For the March 6 edition of my regular “Who & Ware” feature on artisans for the News & Observer in North Carolina, I wrote about Amy Flynn, an amazingly creative maker of artsy found-object robot sculptures. Read on and make sure you check out her online gallery:
By Diane Daniel
If you’ve been to the Raleigh Flea Market on a Saturday morning in the past year, chances are you’ve encountered Amy Flynn scouring the tables and stalls for, well, she’s not really sure. “I’m never looking for anything in particular,” the Raleigh artist said. “The most fun is seeing something you’ve never thought about using.”
Later she amends this.
“There is this certain type of drawer pull, if you turn it around backwards it makes the most wonderful cat whiskers,” she said. “I do have a couple vendors on the lookout for those.”
Over the past 18 months, Flynn, 49, has gone from underemployed illustrator to successful creator of unique robot sculptures. Except for a few nuts and bolts, the 10- to 20-inch-tall creatures are fully made from her vintage findings at flea markets, yard sales and, if pressed for a particular object, on eBay. The “Fobots,” as she calls the found-object robots, are artistic, humorous and totally endearing.
“They’re not symmetrical. There’s always something off, like one eye bigger than the other, or the arms are mismatched. I really feel like that’s what makes them human,” she said.
Take, for instance, “Junior Birdman.” His body is a bird food tin, his arms are faucet handles, and his head is a tea ball topped with a toy propeller. Other components include hydraulic fittings, a button and watch gear.
The Fobots’ debut has been well received. In the past year, they have gained Flynn entry into some of the country’s most competitive art fairs, graced the pages of the Anthropologie catalog and, most recently, earned a cameo role in the ABC comedy “Ugly Betty.” In the March 10 episode, 14 Fobots lined the shelves of the tube walkway that connects the reception area to the inner sanctum.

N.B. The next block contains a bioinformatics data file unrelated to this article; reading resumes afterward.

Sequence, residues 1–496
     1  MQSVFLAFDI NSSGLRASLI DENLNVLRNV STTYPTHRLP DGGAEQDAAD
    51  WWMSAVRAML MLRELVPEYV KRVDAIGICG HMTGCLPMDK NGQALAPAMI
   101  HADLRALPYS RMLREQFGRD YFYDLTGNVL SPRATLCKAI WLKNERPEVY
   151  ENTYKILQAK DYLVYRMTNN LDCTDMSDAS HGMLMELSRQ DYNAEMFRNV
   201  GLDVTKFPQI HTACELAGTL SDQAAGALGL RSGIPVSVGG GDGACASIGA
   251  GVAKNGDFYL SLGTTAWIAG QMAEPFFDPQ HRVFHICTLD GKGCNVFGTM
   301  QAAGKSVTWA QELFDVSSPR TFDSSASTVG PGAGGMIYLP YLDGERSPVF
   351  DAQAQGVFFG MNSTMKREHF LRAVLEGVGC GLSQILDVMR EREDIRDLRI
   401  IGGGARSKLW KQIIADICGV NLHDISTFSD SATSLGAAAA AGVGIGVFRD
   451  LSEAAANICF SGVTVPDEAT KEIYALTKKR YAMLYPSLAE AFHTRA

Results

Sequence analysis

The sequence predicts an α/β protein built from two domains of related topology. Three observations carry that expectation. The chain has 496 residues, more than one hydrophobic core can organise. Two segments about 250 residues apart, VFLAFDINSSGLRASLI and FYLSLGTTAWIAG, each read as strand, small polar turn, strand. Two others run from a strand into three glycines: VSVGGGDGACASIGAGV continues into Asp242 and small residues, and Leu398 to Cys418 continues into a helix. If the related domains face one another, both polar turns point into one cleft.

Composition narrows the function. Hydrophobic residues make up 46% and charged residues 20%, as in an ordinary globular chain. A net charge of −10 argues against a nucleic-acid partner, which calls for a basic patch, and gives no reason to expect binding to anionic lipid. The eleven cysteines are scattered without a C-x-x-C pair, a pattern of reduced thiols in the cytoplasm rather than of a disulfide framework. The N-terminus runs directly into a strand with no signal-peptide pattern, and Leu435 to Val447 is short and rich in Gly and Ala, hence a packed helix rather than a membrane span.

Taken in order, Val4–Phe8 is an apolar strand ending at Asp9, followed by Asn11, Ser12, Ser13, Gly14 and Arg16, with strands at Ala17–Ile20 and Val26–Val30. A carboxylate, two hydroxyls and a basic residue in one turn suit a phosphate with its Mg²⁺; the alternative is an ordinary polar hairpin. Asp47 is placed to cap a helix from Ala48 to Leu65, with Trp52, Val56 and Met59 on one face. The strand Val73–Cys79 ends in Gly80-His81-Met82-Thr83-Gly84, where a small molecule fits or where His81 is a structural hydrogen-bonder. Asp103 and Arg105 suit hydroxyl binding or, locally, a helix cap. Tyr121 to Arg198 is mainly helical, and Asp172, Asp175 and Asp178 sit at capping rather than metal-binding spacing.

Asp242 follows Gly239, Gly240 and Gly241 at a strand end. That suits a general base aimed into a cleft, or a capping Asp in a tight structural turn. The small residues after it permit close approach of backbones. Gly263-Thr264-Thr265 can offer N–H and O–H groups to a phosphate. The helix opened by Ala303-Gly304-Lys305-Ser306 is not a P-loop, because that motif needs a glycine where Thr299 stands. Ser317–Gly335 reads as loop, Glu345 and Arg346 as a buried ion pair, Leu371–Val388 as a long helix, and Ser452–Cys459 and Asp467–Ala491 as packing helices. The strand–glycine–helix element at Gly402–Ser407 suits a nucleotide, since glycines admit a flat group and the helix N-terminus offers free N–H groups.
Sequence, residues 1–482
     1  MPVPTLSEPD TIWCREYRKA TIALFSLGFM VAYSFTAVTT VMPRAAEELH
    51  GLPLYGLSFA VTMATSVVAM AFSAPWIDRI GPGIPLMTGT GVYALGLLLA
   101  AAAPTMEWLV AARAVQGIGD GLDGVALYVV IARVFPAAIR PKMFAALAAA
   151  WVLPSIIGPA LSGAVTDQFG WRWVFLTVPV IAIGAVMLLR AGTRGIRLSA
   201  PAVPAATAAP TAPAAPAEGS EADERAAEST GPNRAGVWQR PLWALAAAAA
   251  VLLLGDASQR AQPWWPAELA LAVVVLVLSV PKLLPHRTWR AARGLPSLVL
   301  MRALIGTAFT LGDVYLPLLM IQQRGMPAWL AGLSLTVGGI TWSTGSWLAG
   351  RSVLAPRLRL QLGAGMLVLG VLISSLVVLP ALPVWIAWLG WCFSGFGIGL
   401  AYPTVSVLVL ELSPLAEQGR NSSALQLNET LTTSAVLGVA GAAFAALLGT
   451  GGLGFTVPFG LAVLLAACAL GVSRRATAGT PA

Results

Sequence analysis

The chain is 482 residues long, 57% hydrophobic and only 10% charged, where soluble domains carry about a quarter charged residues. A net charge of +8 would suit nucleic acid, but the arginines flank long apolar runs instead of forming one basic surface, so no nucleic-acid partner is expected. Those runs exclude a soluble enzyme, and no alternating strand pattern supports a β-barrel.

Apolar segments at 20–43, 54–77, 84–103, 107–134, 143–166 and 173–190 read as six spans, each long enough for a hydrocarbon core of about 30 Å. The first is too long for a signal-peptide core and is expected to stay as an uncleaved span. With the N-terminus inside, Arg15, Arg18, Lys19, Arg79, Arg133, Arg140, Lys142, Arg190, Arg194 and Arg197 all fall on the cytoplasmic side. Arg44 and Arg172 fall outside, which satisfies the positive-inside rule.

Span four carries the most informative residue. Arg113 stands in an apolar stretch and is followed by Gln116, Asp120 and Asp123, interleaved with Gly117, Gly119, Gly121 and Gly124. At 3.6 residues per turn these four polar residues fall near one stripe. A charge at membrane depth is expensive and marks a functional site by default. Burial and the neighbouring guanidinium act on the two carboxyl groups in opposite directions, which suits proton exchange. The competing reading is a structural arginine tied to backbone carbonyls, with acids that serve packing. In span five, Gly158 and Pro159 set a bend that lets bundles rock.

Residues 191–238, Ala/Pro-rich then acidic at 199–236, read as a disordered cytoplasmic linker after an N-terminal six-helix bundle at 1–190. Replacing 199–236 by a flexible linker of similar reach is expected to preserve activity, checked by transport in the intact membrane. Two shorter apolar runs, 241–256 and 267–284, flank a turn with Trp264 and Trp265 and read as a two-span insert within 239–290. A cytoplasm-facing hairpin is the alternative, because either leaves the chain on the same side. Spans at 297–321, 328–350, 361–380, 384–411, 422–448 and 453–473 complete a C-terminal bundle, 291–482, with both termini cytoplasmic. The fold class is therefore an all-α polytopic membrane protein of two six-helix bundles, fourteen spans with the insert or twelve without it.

Flynn is surprised, elated and a little embarrassed by her success at a time when many veteran artists are having a hard time.
“I want everyone to do well, not just me,” she said. “The most important thing isn’t the success or the sales. It’s that I’m just really happy doing this.”
For many years, Flynn was content as an illustrator, doing what she’d always loved.
“My mother will tell you that I’ve had a crayon in my hand since birth.”
Her first job out of San Jose State University in California was with Hallmark Cards, illustrating greeting cards. Later she did similar work at Current in Colorado, and eventually left to freelance so she would have time to illustrate greeting cards and children’s books. Her drawings for cards and books were, for the most part, soft, sweet and seasonal.
Flynn landed in North Carolina when her husband, Phil Crone, who works in the computer software industry, was transferred to Raleigh in 1993.
She continued to freelance, but over time her regular clients all but vanished with the economic downturn. She was miserable.
Flynn isn’t sure what led her to make her first robot.
“We had all this junk in the basement, and it inspired me,” she said. She had collected most of the items at flea markets to potentially use for theater props. She and Crone have been involved in community theater, working with Raleigh Little Theater, Theater in the Park, the Actors Comedy Lab and others.